Sunday, February 12, 2012

Winter Weeds, Pt 2

Continuing from last week's post, here are 10 more native wildflowers that, though dried out, are still standing in the middle of winter.

Fertile fronds of the Sensitive Fern
The first is the fruiting stalks of the Sensitive Fern.  While the fronds of this fern are among the first to die back in the fall, these stalks are quite persistent through the winter.

The next image is of Shrubby Cinquifoil.  While not a wildflower per se, it does have a similar appearance in the winter.  Left to their own these small shrubs can form a tangled mass of branches.  Annual removal of about 1/3 of the older branches gives a good balance of flowers, neatness and size.
These dried flowers of Shrubby Cinquifoil
stand above a mass of branches.
The Orange Coneflowers and Black-eyed Susans are classics in the winter landscape.  The Orange Coneflower has spiky, black to dark-brown seed heads.  These look really nice sticking out of the snow, and the seeds provide food for overwintering birds.
Orange Coneflower seed heads are nearly round,

Black-eyed Susan's seed heads are definitely cone-shaped
and are lighter in color than the Orange Coneflower.
Next I have the annual/biennial Black-eyed Susan.  During bloom season the flowers look very similar to the Coneflower, but this species has a laxer habit.  In winter you can see that the light colored seed head is very different.

Wild Petunia after a rare snowfall (this year).

My Wild Petunia is usually crushed under the snow in the winter.  But this year it is still upright.  The dried stems have a silvery cast that is enhanced by the long fine hairs that cover this plant.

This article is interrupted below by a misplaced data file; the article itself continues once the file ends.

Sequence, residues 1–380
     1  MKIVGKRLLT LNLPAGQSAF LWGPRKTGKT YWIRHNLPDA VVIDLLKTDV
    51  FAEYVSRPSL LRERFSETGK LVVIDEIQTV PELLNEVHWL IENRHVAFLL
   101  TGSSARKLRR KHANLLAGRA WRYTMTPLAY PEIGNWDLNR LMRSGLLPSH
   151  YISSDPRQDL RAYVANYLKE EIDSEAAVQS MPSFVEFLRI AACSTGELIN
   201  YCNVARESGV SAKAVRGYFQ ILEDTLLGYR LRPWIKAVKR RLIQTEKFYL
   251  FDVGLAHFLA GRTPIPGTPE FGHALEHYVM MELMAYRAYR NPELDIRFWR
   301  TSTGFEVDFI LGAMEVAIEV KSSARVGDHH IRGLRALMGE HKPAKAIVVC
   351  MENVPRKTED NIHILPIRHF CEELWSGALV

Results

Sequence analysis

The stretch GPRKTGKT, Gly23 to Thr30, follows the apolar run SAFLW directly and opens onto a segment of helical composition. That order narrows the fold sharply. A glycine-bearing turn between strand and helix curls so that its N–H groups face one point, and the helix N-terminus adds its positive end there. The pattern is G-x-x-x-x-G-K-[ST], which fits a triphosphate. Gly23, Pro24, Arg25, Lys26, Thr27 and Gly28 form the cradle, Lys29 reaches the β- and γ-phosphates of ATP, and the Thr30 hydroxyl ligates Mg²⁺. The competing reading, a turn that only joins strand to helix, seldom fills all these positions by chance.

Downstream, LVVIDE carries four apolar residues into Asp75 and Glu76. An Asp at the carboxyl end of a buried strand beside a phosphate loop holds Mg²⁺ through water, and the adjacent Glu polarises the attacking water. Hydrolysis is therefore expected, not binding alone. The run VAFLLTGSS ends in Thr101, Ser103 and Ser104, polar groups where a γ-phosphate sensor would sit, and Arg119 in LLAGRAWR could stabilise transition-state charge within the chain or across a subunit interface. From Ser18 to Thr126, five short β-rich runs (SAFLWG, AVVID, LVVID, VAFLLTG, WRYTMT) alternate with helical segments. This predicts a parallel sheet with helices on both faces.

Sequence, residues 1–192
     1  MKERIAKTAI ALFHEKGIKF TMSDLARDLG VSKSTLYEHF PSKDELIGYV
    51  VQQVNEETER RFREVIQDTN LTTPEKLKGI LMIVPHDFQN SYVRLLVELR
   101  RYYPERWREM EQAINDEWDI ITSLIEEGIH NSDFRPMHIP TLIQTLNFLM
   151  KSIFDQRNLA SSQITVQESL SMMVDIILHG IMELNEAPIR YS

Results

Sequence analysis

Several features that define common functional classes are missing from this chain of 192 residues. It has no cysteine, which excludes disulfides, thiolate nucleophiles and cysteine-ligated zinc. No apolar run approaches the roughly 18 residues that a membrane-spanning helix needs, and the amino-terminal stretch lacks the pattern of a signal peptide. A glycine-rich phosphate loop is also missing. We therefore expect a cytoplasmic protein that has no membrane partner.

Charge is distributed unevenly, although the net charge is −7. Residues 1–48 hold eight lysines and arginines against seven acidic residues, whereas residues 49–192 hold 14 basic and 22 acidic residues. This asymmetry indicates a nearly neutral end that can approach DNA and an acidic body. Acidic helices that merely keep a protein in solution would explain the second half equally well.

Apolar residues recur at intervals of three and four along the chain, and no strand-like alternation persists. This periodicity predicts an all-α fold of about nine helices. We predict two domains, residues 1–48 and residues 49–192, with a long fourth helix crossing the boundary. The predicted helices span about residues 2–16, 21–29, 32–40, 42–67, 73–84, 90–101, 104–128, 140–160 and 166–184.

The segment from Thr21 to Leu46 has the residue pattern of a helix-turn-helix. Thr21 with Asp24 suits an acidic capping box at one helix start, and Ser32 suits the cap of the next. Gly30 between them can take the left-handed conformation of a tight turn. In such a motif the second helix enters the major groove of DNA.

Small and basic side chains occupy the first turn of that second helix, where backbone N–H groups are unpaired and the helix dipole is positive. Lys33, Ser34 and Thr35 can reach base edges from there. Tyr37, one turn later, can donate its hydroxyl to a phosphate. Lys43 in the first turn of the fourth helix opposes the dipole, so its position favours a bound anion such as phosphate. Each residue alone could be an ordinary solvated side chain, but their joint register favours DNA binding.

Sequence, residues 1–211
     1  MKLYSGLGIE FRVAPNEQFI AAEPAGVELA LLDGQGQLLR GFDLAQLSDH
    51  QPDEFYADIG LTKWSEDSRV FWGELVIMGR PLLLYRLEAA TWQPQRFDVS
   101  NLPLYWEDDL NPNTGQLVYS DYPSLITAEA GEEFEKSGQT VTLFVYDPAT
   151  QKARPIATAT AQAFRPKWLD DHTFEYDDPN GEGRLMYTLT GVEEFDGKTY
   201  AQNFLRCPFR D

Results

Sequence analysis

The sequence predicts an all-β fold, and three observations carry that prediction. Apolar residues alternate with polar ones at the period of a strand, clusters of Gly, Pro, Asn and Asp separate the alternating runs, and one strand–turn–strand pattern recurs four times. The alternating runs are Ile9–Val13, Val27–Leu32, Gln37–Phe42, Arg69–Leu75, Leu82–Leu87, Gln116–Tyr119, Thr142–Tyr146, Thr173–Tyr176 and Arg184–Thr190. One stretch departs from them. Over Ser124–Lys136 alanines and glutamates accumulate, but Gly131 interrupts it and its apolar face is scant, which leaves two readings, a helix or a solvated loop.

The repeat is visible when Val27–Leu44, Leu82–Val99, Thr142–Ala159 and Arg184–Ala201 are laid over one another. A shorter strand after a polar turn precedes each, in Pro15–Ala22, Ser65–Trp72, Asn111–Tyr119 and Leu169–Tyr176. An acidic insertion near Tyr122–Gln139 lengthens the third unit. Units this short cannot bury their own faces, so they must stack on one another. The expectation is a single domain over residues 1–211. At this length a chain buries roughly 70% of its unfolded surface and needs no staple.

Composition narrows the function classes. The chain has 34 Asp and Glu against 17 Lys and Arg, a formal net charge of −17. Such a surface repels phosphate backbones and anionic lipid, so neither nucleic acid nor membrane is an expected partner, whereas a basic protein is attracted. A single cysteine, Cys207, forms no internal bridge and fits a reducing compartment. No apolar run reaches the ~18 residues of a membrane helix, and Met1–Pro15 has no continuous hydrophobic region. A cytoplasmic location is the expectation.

This Blue-stemmed Goldenrod
still has its narrow leaved attached.

Many of the Goldenrods (Solidago ssp.) persist well into winter.  I've captured three species here.  The first is the Blue-stemmed Goldenrod.  This species has flower clusters in the leaf axils all along the stem.  Zig-zag Goldenrod (S. flexicaulis) is another species that also has flowers originating from the leaf axils.  
The second goldenrod I'm showing here is the Seaside Goldenrod.  It has flowers in long terminal sprays.  
The third species is Showy Goldenrod.  This one grow tall and upright with flowers in a terminal plume.  It blooms early in the season, but stays upright through most of the winter.

Seaside Goldenrod blooms later in the season
 and tends to hold its fuzzy white seeds later, as well.

Showy Goldenrod has a strong presence even though
 the flowers are long gone.
Another species that I wanted to show is Stiff Goldenrod (S. rigida), but this early blooming species does not hold up well into the winter.  My plants tend to disappear around the middle of December.

Meadowsweet is lanky spreading shrub that may be difficult to use in a formal landscape.  But it grows under many difficult conditions, blooms all summer and is very attractive to native bees, so I am using it around my house and trying to learn how to tame it.  It also has a nice presence through the winter.
Meadowsweet flowers remain intact all winter.
Swamp Verbena is free-seeding native perennial.  It started in the flower bed and is now growing out of the driveway.  The flowers, borne on little spikes, are rather small considering the overall size of this plant, but I have found that they can be cut back by nearly 1/2 in June and be of a more appropriate size for the garden.
The afternoon sun caught on these Swamp Verbena flower spikes
inspired me to take a closer look at the other plants in my yard this winter.

Now that I've checked out the plants around my house, I'll need to make a trip out to some 'wilder' places to see what's happening.

1 comment:

Going Native said...

I leave my natives standing in the winter as well. I'm getting a bit tired of brown, but at least there is some interesting structural elements in the garden. Great post.